Home > Financial Aid > Funding Your Education > Federal Stafford And Plus Loan Questions

Federal Stafford And PLUS Loan Questions

Navigating the world of student loans isn’t easy. Luckily, with a little bit of research and patience on your part, there are ways to make the process easier. Below, we’ve posted the answers to some of the more common questions borrowers may have regarding federal Stafford and PLUS Loans. Considering the recent changes to student loans and who may provide them, even those who believe they’re fairly knowledgeable about federal student loans may benefit from the information.

How are loans repaid?

There are several ways to repay your loan. Your choices are:

  • a 10-year plan with a minimum monthly payment of $50
  • a graduated plan with a monthly payment that starts out low and then increases gradually during the repayment period
  • a plan that bases the monthly payment amount on how much money you make

Your parents can repay a PLUS Loan using either of the first two plans. Under the Direct Loan Program, you or your parents can also choose a plan with a minimum monthly payment amount of $50 and a repayment period of more than 10 years.

What if someone has trouble repaying?

Under certain circumstances, you can receive a deferment or forbearance on your loan. During a deferment, no payments are required. If you have a subsidized loan, the federal government will pay the interest that accrues during the deferment. If your loan is unsubsidized, you'll be responsible for the interest on the loan during the deferment. Your parents will be responsible for the interest on their PLUS Loan during a deferment. No borrower can receive a deferment if his or her loan is in default (that is, if he or she doesn't repay the loan according to its terms).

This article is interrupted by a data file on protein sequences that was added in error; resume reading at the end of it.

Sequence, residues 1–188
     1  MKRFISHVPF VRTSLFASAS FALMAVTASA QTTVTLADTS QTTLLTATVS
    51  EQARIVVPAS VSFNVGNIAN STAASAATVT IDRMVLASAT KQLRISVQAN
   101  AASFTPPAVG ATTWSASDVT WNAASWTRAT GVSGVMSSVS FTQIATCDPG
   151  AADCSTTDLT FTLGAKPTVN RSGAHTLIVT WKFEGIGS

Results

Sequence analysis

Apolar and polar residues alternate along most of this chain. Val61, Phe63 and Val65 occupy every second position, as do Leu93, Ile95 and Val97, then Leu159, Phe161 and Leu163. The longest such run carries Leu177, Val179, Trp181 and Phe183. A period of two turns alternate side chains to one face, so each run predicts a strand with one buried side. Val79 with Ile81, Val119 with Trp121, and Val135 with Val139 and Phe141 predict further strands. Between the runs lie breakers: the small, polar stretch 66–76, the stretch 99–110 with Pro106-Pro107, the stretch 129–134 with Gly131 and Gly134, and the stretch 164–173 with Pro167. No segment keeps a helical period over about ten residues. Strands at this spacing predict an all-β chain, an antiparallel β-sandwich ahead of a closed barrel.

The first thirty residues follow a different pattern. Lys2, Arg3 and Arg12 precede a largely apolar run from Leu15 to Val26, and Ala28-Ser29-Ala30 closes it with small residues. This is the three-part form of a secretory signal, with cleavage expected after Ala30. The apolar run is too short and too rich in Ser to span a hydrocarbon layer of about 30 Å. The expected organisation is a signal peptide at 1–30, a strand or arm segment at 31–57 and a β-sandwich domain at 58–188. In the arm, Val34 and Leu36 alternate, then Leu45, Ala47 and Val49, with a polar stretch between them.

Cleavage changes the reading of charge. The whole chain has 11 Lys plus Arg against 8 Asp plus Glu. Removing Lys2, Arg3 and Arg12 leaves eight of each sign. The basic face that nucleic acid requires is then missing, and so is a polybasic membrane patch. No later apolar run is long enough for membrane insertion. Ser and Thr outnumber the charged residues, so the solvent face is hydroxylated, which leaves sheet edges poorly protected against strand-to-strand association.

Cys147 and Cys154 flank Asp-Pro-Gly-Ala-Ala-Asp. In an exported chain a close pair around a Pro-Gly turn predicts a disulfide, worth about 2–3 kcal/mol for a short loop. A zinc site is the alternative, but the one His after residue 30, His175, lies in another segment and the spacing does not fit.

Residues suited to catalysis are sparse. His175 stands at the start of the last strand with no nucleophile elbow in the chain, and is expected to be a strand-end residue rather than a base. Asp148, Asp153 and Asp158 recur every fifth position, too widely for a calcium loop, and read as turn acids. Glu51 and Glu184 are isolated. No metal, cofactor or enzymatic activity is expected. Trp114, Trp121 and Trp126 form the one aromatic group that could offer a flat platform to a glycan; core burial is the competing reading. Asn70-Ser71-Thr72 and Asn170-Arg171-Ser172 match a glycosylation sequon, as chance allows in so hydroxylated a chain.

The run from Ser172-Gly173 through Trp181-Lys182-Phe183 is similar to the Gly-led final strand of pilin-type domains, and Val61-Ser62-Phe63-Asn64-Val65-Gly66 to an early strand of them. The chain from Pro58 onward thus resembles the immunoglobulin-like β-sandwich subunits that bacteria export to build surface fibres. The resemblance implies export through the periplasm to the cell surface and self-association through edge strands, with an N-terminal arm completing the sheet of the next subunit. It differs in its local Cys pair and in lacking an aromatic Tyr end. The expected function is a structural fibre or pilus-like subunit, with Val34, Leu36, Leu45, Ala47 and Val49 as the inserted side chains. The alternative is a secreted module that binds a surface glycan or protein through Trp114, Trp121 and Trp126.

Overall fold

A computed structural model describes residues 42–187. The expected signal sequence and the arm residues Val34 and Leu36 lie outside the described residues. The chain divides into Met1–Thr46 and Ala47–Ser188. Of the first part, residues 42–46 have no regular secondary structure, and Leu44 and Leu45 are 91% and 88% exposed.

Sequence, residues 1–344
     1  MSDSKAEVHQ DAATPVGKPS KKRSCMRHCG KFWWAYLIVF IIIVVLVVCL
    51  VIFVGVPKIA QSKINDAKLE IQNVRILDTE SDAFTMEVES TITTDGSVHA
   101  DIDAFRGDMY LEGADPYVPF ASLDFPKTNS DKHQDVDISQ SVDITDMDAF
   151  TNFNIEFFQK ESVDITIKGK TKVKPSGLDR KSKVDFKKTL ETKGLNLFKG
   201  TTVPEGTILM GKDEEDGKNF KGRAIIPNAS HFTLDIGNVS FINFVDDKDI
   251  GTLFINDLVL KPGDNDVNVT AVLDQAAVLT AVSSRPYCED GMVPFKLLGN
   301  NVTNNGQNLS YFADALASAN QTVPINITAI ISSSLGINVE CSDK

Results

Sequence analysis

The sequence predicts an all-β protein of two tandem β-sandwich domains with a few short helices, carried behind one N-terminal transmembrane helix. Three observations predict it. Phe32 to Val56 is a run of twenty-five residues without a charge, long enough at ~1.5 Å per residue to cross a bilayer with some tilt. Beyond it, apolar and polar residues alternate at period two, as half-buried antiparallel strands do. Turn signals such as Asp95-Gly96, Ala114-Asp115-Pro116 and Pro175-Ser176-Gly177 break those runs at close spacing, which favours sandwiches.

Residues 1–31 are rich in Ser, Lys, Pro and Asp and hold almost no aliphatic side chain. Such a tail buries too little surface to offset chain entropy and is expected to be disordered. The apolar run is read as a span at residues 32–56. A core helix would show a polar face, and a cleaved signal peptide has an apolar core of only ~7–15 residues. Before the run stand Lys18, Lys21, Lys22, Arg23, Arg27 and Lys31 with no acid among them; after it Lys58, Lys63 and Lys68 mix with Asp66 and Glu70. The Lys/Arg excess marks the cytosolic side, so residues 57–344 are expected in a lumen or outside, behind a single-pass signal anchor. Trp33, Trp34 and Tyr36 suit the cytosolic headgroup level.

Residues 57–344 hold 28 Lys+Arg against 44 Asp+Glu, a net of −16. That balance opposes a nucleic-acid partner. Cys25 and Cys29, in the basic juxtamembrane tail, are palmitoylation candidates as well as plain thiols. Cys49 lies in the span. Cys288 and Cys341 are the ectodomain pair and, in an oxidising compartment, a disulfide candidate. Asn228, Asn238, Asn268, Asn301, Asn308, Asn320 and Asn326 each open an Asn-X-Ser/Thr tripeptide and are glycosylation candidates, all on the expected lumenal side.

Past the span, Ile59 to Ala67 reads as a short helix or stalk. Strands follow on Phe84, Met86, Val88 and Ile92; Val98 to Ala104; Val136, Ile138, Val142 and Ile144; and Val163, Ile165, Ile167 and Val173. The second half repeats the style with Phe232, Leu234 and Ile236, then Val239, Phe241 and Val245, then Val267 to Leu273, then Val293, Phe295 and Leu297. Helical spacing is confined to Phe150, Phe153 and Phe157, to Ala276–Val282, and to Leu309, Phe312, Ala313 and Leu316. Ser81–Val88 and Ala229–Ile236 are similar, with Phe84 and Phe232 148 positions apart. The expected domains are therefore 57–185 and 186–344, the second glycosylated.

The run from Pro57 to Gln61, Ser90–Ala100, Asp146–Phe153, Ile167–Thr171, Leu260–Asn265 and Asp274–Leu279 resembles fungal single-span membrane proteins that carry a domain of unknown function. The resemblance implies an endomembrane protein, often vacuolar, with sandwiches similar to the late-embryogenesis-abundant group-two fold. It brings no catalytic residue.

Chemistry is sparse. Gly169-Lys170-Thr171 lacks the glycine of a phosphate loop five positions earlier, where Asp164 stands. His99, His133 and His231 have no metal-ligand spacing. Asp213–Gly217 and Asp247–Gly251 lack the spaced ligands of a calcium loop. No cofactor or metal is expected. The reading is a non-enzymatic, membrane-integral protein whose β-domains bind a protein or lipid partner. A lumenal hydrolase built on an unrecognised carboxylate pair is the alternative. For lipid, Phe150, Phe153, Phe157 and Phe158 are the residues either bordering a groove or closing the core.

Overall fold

During forbearance, payments are postponed or reduced. The government does not pay the interest; you are responsible for paying it on your student loan, and your parents are responsible for paying it on their PLUS Loan. Neither deferment nor forbearance periods count as part of the repayment period.

For more details on deferments and forbearance, see The Student Guide from the Federal Student Aid Information Center, which also explains loan programs and the loan application process in greater detail. You can access the guide online at:

http://studentaid.ed.gov/students/publications/student_guide/index.html

You can also get a paper copy of The Student Guide. Check with your college or career school or call the Federal Student Aid Information Center:

1-800-4-FED-AID or 1-800-433-3243

A FFEL or Direct Loan (including a PLUS Loan) can be canceled under the following conditions:

  • The borrower dies, or the student on whose behalf a parent borrowed dies
  • The borrower becomes totally and permanently disabled
  • The loan is discharged in bankruptcy (in rare cases)
  • The student's school closes before the student completes the program
  • The school falsely certifies the loan